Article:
What do Sue Pollard, Lord Attenborough, Peter Bottomley, Compo, Betty Boothroyd, Sean Connery, Alan Bennett, Seamus Heaney, Michael Palin, and, it is rumoured, Maureen Lipman and Alan Rickman have in common? They could, in a small way, help decide the fate of the Co-op, writes Chris Hughes.

Snowdrop campaign may fold over rows

The Snowdrop campaign to ban handguns, set up after the Dunblane massacre, may be disbanded amid internal acrimony.

With Dominic Cavendish

`Language Roulette', Bush Theatre, London, W12 (0181-743 3388) from Wed to 26 Apr

Advert calls on voters to remember Dunblane

Anti-gun lobbyists, who are calling on all voters to consider the banning of handguns as an election issue, yesterday launched a cinema advertisement to highlight their campaign.
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Day In a Page

Burgundy, the River Rhone & Provence – MS Swiss Corona - seven nights from £999pp
Lake Maggiore, Orta and the Matterhorn – seven nights from £899pp
Sicily – seven nights from £939pp
Pompeii, Capri and the Bay of Naples - seven nights from £799pp
Istanbul Ephesus & Troy – six nights from £859pp
Mary Rose – two nights from £319pp
Dress the Gaza situation up all you like, but the truth hurts

Robert Fisk on Gaza conflict

Dress the situation up all you like, but the truth hurts
Save the tiger: Tiger, tiger burning less brightly as numbers plummet

Tiger, tiger burning less brightly

When William Blake wrote his famous poem there were probably more than 100,000 tigers in the wild. These days they probably number around 3,200
A tale of two presidents: George W Bush downs his paintbrush to pen father’s life story

A tale of two presidents

George W Bush downs his paintbrush to pen father’s life story
Save the tiger: The day America’s love of backyard tigers led to a horrific bloodbath

The day America’s love of backyard tigers led to a horrific bloodbath

With only six per cent of the US population of these amazing big cats held in zoos, the Zanesville incident in 2011 was inevitable
Samuel Beckett's biographer reveals secrets of the writer's time as a French Resistance spy

How Samuel Beckett became a French Resistance spy

As this year's Samuel Beckett festival opens in Enniskillen, James Knowlson, recalls how the Irish writer risked his life for liberty and narrowly escaped capture by the Gestapo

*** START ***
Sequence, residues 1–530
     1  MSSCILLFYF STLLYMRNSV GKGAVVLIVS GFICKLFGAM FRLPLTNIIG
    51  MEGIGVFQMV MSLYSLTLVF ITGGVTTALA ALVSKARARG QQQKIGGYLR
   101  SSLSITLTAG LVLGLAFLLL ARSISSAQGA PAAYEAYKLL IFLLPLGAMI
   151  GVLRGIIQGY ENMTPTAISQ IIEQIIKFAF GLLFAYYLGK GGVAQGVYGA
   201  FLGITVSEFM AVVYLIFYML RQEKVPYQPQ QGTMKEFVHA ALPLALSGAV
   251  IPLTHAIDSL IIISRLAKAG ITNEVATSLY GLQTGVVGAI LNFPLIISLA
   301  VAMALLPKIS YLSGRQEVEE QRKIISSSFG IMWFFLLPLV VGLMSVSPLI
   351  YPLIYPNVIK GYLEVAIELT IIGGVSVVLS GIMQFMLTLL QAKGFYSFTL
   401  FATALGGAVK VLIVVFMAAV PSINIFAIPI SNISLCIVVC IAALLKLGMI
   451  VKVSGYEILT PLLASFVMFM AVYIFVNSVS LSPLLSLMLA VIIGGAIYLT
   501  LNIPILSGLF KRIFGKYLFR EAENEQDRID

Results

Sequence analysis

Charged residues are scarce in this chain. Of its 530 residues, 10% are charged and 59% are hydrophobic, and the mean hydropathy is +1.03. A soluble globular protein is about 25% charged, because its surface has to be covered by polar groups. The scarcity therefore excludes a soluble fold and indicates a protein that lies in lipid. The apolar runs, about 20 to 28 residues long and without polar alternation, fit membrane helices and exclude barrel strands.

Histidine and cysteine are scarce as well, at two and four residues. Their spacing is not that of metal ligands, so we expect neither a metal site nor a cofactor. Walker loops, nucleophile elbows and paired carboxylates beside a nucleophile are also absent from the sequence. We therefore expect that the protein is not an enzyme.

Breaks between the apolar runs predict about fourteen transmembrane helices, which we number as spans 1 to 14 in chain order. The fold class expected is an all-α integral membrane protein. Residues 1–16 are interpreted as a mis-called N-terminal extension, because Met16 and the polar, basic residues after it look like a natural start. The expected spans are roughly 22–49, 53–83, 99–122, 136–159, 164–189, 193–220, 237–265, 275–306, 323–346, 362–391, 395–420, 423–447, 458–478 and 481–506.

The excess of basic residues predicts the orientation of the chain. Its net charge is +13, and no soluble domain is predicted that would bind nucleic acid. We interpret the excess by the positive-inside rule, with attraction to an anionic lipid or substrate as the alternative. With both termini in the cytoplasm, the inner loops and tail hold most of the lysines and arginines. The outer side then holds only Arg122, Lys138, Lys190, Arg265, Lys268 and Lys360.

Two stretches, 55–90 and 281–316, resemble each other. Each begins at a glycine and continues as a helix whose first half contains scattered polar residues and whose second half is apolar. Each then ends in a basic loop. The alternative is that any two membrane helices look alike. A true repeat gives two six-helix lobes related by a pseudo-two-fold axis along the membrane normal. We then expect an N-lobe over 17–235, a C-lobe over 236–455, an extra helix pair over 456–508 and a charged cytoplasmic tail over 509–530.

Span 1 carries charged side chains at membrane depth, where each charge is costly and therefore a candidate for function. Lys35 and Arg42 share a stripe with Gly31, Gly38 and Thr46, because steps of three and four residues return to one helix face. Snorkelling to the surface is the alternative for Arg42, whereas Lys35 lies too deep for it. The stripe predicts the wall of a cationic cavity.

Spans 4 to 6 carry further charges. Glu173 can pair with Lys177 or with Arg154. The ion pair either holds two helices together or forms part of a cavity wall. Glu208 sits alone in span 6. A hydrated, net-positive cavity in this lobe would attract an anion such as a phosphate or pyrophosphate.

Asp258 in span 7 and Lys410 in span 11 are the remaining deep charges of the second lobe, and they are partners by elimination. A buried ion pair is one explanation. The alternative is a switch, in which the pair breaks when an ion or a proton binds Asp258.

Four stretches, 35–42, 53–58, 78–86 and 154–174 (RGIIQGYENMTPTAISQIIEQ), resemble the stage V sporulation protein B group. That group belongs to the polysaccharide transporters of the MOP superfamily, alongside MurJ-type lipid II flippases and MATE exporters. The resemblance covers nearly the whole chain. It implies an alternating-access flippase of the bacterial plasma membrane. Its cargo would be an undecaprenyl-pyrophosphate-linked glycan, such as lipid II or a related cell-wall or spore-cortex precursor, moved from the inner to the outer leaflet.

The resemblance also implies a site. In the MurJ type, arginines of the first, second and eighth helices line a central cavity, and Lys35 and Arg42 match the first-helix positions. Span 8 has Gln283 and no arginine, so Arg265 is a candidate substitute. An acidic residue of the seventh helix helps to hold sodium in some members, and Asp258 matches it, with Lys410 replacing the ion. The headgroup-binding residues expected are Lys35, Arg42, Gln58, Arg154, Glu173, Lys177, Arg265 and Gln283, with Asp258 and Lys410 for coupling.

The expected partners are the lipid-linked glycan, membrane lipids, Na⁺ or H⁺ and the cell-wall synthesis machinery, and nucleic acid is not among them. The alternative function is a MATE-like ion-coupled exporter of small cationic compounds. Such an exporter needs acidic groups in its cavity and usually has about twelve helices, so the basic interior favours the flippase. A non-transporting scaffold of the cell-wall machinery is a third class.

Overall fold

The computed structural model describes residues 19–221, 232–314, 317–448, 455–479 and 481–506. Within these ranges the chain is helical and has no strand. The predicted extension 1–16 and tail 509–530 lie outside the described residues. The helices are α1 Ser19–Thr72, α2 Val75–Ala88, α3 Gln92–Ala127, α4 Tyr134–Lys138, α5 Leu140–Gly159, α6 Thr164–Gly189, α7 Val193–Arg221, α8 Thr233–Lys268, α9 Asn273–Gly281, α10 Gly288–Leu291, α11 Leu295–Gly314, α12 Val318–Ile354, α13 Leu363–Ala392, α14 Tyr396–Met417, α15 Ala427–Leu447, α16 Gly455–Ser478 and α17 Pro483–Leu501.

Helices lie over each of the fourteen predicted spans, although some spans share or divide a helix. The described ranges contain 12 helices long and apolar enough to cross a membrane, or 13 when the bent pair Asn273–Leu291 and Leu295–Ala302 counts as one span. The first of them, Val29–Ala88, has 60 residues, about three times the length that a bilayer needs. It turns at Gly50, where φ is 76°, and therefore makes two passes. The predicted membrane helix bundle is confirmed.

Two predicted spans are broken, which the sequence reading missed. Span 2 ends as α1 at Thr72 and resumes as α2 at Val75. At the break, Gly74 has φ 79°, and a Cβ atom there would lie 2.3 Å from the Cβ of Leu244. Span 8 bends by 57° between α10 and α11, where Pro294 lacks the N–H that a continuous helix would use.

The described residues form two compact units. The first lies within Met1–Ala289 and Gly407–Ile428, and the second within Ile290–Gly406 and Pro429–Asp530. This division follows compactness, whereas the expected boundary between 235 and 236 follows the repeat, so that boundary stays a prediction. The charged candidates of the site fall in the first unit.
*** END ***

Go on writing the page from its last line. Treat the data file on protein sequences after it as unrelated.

We will remember them: relatives still honour those who fought in the Great War

We will remember them

Relatives still honour those who fought in the Great War
Star Wars Episode VII is being shot on film - and now Kodak is launching a last-ditch bid to keep celluloid alive

Kodak's last-ditch bid to keep celluloid alive

Director J J Abrams and a few digital refuseniks shoot movies on film. Simon Usborne wonders what the fuss is about
Once stilted and melodramatic, Hollywood is giving acting in video games a makeover

Acting in video games gets a makeover

David Crookes meets two of the genre's most popular voices
Could our smartphones soon be diagnosing diseases via Health Kit and Google Fit?

Could smartphones soon be diagnosing diseases?

Health Kit and Google Fit have been described as "the beginning of a health revolution"
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Can we learn to love Ryanair again?

Four recent travellers give their verdicts on the carrier's improved customer service
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Spanx launches range of jeans

The jeans come in two styles, multiple cuts and three washes and will go on sale in the UK in October
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Aural pleasure: 10 best over-ear headphones

Listen to your favourite tracks with this selection, offering everything from lambskin earmuffs to stainless steel
Commonwealth Games 2014: David Millar ready to serve up gold for his beloved Scotland in the end

Commonwealth Games

David Millar ready to serve up gold for his beloved Scotland in the end
UCI Mountain Bike World Cup 2014: Downhill all the way to the top for the Atherton siblings

UCI Mountain Bike World Cup

Downhill all the way to the top for the Atherton siblings
Save the tiger: The animals bred for bones on China’s tiger farms

The animals bred for bones on China’s tiger farms

The big cats kept in captivity to perform for paying audiences and then, when dead, their bodies used to fortify wine